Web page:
Were Southeastern Wolves Feral Indian Dogs?

Archaeologists uncovered 10,000 year old dog (Canis familiaris) skeletons at 2 sites in Illinois.  The sites are known as Koster and Stillwell.  This is the earliest known evidence of domesticated dogs in North America, though scientists believe dogs traveled over the Bering Land Bridge with humans as long as 15,000 years ago about the same time they were first tamed.  Late Pleistocene evidence of dogs in America has either faded away or has yet to be found, but they were probably here.  The specimens from Illinois date to the Pleistocene/Holocene boundary.  The Stillwell dog was about the size of an English setter, and these early Indian dogs anatomically resemble coyote/dog hybrids (known as coydogs).  I hypothesize the wolves that lived in southeastern North America until about 1917 may have been Indian dogs that simply reverted to a wild state.

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Audubon’s painting of an Indian dog.  Indian dogs were so wolfish that European colonists often mistook them for wolves.

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Illustration of black wolf pack by Kelly Quinn.

Scientists classified the wolves that lived in southeastern North America until Europeans wiped them out as the red wolf (Canis rufus), but nobody really knows what they were.  A DNA test of a few specimens from Arkansas found they were hybrids of coyote (Canis latrans) x timber wolf (C. lupus), and wolves currently living in eastern Canada also appear to be coyote/timber wolf hybrids.  However, this still doesn’t explain what the now extinct wolves that lived in Georgia, South Carolina, and Florida were.  The so-called red wolf is not well represented in the fossil record, and the few specimens identified as red wolves may actually be coyotes.  They don’t appear in the fossil record until after dire wolves became extinct, and I think dogs brought by humans went wild and occupied the vacant niche created when dire wolves became extinct.  Although southeastern wolves varied in coat color, many were melanistic.  The gene for a black coat color in wolves originated in domesticated dogs and that was passed to the wolf population in the rare instances when wolves mated with dogs.  So I believe the wolves that lived in southeastern North America were feral Indian dogs with perhaps some admixture of timber wolf and/or coyote.  They were a primitive dog that like the dingo and Carolina dog readily reverted to the wild, especially those left behind when Indian tribes moved away from an area or died out.  Audubon almost mistakenly shot some Indian dogs because he reported that they looked just like wolves.  This resemblance may have contributed to their extinction, though diseases brought by the European colonists’ dogs were probably a bigger factor.  Europeans often mistook Indian dogs for wolves and killed them or deliberately exterminated them to prevent them from breeding with their well bred dogs..  A DNA study of the Koster specimen determined modern dogs have none of the earlier Indian dog ancestry, suggesting the ancient Indian dogs are extinct.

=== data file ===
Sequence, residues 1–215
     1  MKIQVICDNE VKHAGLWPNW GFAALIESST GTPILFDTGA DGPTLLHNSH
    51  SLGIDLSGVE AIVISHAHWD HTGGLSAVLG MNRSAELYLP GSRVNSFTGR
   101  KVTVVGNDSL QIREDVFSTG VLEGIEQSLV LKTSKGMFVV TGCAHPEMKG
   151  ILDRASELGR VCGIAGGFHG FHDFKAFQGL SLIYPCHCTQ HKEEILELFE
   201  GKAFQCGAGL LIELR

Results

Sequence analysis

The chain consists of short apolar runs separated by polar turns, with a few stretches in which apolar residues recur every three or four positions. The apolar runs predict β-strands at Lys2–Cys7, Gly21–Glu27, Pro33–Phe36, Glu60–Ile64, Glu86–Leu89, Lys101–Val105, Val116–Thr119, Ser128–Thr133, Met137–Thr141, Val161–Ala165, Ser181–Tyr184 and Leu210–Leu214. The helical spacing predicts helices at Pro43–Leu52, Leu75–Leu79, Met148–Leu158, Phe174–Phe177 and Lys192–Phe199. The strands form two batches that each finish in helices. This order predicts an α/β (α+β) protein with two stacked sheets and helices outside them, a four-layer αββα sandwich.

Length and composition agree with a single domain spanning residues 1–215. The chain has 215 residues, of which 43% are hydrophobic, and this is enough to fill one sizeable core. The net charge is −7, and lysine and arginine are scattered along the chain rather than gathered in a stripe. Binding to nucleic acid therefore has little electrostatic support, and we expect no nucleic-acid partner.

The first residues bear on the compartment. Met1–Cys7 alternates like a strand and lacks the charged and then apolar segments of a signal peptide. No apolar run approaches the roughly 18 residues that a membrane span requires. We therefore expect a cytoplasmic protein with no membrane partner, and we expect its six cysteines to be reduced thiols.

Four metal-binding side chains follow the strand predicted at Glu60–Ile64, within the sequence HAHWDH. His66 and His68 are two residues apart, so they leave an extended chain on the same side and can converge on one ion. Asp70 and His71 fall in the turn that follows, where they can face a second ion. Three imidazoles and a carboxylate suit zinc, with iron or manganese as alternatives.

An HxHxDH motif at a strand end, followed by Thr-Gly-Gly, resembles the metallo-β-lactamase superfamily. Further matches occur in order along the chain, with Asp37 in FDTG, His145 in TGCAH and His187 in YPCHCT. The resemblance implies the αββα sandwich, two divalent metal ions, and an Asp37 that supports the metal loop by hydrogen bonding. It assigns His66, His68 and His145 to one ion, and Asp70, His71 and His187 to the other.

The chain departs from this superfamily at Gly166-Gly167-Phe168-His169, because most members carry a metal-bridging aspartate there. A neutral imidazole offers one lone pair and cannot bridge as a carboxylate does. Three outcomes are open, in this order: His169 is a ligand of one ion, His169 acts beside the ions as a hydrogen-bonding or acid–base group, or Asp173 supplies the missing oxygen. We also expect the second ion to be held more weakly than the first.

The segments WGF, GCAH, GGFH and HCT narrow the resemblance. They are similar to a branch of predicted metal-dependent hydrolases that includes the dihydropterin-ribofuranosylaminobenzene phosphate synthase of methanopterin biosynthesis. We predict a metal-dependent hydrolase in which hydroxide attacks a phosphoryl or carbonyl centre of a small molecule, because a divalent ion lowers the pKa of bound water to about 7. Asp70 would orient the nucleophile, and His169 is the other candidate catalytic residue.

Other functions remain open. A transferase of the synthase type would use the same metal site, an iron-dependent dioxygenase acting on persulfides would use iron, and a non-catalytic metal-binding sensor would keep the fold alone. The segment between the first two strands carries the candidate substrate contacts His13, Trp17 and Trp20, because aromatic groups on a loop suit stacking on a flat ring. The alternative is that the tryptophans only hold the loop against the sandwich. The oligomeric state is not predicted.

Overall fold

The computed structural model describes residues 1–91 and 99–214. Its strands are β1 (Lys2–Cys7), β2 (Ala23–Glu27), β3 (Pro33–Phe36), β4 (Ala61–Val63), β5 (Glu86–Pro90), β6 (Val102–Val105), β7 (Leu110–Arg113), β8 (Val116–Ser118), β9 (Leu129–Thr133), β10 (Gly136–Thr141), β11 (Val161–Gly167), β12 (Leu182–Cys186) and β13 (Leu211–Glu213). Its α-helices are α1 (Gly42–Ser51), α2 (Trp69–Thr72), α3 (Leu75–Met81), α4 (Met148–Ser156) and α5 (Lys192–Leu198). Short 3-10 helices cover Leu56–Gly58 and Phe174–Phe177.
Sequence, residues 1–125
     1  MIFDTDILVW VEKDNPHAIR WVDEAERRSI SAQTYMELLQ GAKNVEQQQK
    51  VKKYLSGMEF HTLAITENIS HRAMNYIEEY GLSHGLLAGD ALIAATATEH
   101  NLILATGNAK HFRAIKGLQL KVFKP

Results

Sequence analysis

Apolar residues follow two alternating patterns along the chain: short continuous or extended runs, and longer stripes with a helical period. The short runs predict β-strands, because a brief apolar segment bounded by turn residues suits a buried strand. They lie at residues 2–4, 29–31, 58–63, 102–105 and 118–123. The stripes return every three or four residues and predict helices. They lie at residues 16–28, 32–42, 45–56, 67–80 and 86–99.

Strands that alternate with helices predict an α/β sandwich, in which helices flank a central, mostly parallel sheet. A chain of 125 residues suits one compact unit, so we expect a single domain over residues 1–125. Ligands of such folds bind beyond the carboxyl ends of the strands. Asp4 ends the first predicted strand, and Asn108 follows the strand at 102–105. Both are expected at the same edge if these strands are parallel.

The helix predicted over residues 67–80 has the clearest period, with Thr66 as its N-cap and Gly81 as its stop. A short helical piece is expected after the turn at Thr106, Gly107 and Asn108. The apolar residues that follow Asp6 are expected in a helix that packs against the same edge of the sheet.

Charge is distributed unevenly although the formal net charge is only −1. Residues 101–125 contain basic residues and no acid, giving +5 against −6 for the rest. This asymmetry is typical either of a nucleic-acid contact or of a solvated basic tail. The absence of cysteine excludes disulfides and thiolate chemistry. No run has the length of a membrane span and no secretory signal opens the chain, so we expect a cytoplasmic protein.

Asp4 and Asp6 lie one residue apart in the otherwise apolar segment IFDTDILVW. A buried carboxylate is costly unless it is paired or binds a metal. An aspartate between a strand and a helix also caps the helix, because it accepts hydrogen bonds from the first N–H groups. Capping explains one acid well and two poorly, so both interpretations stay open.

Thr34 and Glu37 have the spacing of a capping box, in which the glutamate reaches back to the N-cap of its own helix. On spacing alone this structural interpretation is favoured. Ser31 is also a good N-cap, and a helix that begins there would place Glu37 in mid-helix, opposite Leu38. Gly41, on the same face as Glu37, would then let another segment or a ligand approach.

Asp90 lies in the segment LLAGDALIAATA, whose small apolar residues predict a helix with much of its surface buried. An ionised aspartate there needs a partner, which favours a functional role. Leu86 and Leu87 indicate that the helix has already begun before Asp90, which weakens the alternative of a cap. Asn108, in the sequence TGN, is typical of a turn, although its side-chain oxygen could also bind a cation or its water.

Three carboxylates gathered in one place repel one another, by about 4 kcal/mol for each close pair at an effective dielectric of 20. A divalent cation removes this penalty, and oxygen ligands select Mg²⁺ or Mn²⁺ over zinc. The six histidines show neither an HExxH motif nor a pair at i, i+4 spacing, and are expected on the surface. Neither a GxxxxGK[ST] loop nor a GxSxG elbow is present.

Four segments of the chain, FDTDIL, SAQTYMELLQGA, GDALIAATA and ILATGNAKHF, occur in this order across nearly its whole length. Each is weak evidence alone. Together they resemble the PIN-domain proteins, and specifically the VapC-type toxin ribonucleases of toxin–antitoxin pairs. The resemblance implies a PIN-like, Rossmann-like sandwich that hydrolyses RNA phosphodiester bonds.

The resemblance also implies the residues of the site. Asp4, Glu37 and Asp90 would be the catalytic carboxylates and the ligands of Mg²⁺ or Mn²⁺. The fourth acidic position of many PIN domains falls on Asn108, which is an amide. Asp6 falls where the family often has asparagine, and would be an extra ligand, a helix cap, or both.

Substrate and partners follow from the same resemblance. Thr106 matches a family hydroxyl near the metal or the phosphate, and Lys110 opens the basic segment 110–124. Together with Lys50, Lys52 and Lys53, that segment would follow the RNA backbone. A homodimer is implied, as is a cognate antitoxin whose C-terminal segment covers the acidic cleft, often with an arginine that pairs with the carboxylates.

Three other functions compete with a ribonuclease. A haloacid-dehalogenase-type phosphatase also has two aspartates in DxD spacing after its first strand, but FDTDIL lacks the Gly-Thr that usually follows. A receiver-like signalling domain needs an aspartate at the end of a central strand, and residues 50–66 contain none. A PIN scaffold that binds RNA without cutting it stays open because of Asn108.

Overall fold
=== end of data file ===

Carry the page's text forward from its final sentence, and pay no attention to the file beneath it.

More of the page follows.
The Carolina dog descends from a later lineage of dogs brought by Eskimos about 1000 years ago.  Strange as it may seem, these dogs quickly evolved from long-furred Eskimo dogs well adapted to cold climates to the short-haired “Old Yeller” type dogs at home in the hot humid south.  Like the earlier Indian dogs, Carolina dogs also easily revert to a wild state.

The original Indian dogs may be extinct, but they did leave a modern day legacy. The only genetic imprint they left in modern dogs is a sexually transmitted cancer.  Geneticists found this cancer originated in the ancient Indian dogs and was passed on to modern dog breeds.



2 Responses to “Were Southeastern Wolves Feral Indian Dogs?”

  1. diloraptor Says:

    You happened to mention a piece of preserved Mastodon fur earlier in another blog post you did on Mastodon. Would you have any further information on this fur or know anyone I may be able to contact to get more information? Any help would be much appreciated. Thank you in advance.

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